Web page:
If your organization is struggling with how to keep your enterprise data secure in the cloud, you aren’t alone. As I spoke with customers at the recent RSA Conference in San Francisco, how to migrate applications and data to the modern data center and still retain effective security was the number one topic on their minds.

The fact is, the modern data center poses some fairly new security challenges and there is no rule book on how to meet them. In the absence of a model, even in security, we are learning as we go.

What should you consider security-wise as you take this crucial step to move your data center operation to the cloud?

First realize that there are security tradeoffs in the modern data center. The biggest is a loss of visibility. When you access data and applications in a traditional, on-premises data center, security can analyze every step to guard against threats. When data is moved into the cloud, however, some of that visibility is lost and we need to find new ways to achieve the required amount of insight.

IT has to rely on alternative safeguards and trusted technologies for securing its resources. It needs to establish a new level of trust–the foundation of the modern data center.

My advice is to begin by evaluating which apps and data to migrate to the cloud. Do you really want to migrate your most proprietary information? Or does it make more sense to focus on information that, while important, won’t make your company go away if you lose access to it somehow? A cost-risk analysis that evaluates savings and efficiencies against your particular security risks is critical.

Next, evaluate processes to protect the migrated data. Optimal disaster recovery plans and identity and access management processes are central to a modern data center security program. You also need to update your data policies to address things like version control. You can’t have your cloud-based databases look fundamentally different from your on-prem databases. Having multiple data versions not only makes it hard to perform security investigations when needed but also means you have to expend resources to protect multiple versions.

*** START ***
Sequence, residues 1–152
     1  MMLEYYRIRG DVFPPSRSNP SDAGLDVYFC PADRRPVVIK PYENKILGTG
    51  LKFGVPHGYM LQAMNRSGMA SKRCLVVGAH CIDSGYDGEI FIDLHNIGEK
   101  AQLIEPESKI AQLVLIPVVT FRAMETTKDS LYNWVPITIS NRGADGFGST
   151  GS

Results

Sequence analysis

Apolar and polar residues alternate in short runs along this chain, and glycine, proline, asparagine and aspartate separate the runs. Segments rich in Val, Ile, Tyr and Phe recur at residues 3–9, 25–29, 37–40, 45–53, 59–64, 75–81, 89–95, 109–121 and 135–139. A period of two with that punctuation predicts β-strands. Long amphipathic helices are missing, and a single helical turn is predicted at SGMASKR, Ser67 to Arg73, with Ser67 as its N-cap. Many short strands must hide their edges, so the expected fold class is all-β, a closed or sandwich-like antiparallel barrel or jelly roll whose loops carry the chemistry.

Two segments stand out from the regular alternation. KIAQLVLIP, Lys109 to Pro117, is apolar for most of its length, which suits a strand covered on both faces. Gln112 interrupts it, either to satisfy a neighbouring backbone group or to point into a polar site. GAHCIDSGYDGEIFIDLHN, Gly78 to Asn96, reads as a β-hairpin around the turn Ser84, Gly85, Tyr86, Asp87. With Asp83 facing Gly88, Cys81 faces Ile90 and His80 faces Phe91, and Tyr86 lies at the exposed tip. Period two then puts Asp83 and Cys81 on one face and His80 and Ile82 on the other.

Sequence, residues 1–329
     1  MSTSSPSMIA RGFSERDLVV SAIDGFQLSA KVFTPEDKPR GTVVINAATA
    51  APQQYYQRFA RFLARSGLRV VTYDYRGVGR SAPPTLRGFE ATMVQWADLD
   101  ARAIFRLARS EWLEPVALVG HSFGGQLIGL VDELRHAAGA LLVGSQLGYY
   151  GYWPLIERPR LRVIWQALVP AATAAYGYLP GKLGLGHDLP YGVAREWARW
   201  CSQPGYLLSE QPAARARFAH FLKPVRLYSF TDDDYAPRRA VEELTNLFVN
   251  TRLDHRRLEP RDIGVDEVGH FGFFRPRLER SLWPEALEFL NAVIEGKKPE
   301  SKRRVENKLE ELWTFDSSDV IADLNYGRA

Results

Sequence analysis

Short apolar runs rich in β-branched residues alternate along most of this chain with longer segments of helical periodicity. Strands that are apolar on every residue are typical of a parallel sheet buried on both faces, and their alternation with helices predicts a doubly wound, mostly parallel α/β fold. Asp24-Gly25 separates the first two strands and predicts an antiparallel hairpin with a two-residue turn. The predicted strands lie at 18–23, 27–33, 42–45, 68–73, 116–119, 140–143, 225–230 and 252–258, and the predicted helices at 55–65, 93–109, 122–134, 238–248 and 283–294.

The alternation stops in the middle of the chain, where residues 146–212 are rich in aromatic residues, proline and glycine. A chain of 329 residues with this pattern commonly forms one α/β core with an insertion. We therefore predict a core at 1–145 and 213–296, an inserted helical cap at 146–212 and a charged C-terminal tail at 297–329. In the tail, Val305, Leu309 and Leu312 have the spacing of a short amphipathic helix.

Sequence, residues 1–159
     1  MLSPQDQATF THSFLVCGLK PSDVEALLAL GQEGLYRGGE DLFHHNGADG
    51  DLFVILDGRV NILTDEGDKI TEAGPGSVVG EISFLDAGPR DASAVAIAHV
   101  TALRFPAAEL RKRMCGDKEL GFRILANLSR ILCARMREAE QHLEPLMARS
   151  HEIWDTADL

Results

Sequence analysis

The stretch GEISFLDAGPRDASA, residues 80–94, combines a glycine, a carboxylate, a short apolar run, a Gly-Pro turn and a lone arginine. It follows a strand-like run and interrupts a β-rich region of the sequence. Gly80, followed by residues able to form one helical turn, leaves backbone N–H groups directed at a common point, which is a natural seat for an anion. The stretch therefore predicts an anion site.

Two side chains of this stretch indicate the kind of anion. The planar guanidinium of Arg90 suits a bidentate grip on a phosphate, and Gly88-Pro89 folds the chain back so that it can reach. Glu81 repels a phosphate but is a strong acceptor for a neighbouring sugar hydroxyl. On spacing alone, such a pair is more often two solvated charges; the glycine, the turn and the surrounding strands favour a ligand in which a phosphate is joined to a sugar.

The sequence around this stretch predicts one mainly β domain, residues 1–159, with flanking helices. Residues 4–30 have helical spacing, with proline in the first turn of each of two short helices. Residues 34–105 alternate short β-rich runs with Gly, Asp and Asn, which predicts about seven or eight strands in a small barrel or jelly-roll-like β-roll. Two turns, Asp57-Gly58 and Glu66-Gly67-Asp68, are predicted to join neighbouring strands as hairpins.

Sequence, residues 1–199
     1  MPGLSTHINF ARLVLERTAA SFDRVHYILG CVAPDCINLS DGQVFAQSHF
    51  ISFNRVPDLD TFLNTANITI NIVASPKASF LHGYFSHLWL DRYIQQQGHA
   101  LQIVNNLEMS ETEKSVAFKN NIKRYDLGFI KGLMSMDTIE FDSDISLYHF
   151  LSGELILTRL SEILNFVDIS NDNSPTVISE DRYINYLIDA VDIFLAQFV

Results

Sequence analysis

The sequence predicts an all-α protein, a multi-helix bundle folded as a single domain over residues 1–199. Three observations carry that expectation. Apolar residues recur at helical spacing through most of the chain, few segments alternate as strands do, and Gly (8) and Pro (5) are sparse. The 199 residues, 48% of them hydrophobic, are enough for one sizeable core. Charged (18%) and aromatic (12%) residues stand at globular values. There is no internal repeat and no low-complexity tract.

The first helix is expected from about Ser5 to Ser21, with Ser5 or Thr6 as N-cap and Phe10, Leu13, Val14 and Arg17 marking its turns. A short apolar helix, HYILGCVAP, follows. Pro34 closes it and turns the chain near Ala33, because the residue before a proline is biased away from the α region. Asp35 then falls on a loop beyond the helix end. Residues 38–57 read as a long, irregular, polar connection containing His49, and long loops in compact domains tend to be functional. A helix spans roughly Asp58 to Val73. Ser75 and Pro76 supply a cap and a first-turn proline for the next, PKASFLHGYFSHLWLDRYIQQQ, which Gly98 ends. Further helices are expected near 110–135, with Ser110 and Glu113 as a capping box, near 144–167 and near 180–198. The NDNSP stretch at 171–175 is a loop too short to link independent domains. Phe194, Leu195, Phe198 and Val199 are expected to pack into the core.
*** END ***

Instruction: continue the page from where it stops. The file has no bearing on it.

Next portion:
And it is important that you carefully review your SLAs to determine what your cloud provider is responsible for and what you are responsible for should your data be lost or stolen.

The modern data center is not simply a building that you can just go and buy. It is also a mindset. The right balance of tools, technology, policies, work flows and more is unique to each situation. It is complicated and you need to consider lots of different factors, including changing some of your business processes. You shouldn’t try to implement your modern data center by yourself.

To put it plainly, I’m sure I could watch a YouTube video on how to take out my own appendix but I’m not going to do it; I’m going to go to a doctor that knows what they are doing and has done it many, many times.

Overall, you need a vendor who understands the cloud to guide your security efforts as well as to supply the trusted technology to create and maintain a safe and effective modern data center. You don’t want to make the investment to move to a modern data center only to have inferior technology turn your security infrastructure into Swiss cheese.

Look for providers whose solutions have been evaluated by an independent third party laboratory that tests and ranks them. For example, cloud products from EMC and its strategically-aligned business entities, including RSA and Virtustream, are rated according to NSA or federal government criteria.

Choosing the right partner with the right security practices and world-class support will help you build the solid foundation of trust crucial to support the modern data center.

Matt McCormack

Matt McCormack

Chief Security Officer at EMC
Matt McCormack

Latest posts by Matt McCormack (see all)

Tags: , , ,

Leave a Comment

Comments are moderated. Dell EMC reserves the right to remove any content it deems inappropriate, including but not limited to spam, promotional and offensive comments.

Categories

Archives